Missouri Governor’s Office Responsible for Teacher Data Leak – Krebs on Security

Missouri Governor Mike Parson made headlines last year when it pledged to criminally prosecute a journalist for reporting a security breach at a state website that exposed the personal information of more than 100,000 teachers. But Missouri prosecutors now say they won’t pursue charges following revelations that the data had been exposed since 2011 – two years after responsibility for securing the state’s computer systems was centralized within the Parson’s own administration office.

Missouri Governor Mike Parson (R) vowing to sue the St. Louis Post-Dispatch for reporting a security vulnerability that exposed teachers’ SSNs.

As of October 2021, St. Louis Post-Dispatch reporter Josh Renaud alerted Missouri Department of Education officials that their website exposed the Social Security numbers of more than 100,000 elementary and middle school teachers in the state. Renaud discovered that teacher SSNs were accessible in the HTML source code of some Missouri Department of Education web pages.

After confirming that state IT officials secured exposed teacher data, the Post-Dispatch published a story about their findings. Governor Parson responded by holding a press conference at which he vowed his administration would seek to prosecute and investigate “hackers” and anyone who aided the publication in its “attempt to embarrass the State and sell titles for their media”.

“The state is committed to bringing to justice anyone who hacked into our systems or helped them do so,” Parson said in October. “A hacker is someone who gains unauthorized access to information or content. This person did not have permission to do what she did. They had no permission to convert or decode, so it was clearly a hack.

Parson commissioned the Missouri Highway Patrol to produce a report on their investigation of “the hijackers”. On Monday, February 21, The Post-Dispatch published the 158-page report (PDF), which concluded after 175 hours of investigation that Renaud did nothing wrong and only accessed publicly available information.

Emails later obtained by the Post-Dispatch showed that the FBI had told state cybersecurity officials that there was “no actual network intrusion” and that the base of state data was “misconfigured”. The emails also revealed the proposed message when Education Department officials initially prepared to respond in October:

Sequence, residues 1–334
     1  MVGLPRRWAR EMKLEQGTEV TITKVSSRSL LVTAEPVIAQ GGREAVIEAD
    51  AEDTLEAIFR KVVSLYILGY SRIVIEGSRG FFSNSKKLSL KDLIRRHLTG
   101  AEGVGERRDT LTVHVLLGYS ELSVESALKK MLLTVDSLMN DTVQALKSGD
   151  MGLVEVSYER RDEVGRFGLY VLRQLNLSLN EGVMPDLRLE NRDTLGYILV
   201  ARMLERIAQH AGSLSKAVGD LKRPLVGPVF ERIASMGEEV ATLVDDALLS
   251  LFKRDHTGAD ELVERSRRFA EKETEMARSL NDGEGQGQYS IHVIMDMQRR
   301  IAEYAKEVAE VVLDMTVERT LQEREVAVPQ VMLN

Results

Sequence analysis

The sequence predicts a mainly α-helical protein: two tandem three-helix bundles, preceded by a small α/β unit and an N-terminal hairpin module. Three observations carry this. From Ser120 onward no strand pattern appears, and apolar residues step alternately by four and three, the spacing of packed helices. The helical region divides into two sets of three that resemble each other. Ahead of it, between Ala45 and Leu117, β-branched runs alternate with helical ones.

“We are grateful to the member of the media who brought this to the state’s attention,” was the proposed quote attributed to the state education commissioner before Parson began shooting the messenger.

The Missouri Highway Patrol report includes an interview with Mallory McGowin, the communications director for the state’s Department of Elementary and Secondary Education (DESE). McGowin told police the weakness of the website actually exposed 576,000 teachers’ Social Security numbers, and the data would have been exposed publicly for a decade.

McGowin also said the DESE website was developed and maintained by the Office of Administration Computer Services Division (ITSD) – which the governor’s office directly controls.

“I asked Ms. McGowin if I was correct that the website was for DESE, but was managed by ITSD, and she indicated that was correct,” wrote the Highway Patrol investigator. “I asked her if ITSD was part of the Office of Administration, or if DESE had its IT section, and she said it was in the Office of administration. She said that in 2009 the policy was changed to transfer all information technology services to the Office of Administration.

The report was a vindication for Renaud and for the University of Missouri-St. Louis teacher Chaji Khan, which helped the Post-Dispatch verify that the security flaw existed. Khan was also the target of Parson’s vow to pursue “the pirates”. Khan’s lawyer Elad Gross told the publication that his client was not charged and that “state officials have done all wrongdoing here.”

“They failed to follow basic safety procedures for years, failed to protect teachers’ social security numbers, and failed to take responsibility, choosing instead to open a baseless investigation into two Missourians. who did the right thing and reported the issue,” Gross said. Post-shipment. “We thank the Missouri State Highway Patrol and the Cole County District Attorney’s Office for their diligent work on a case that should never have been sent to them.”

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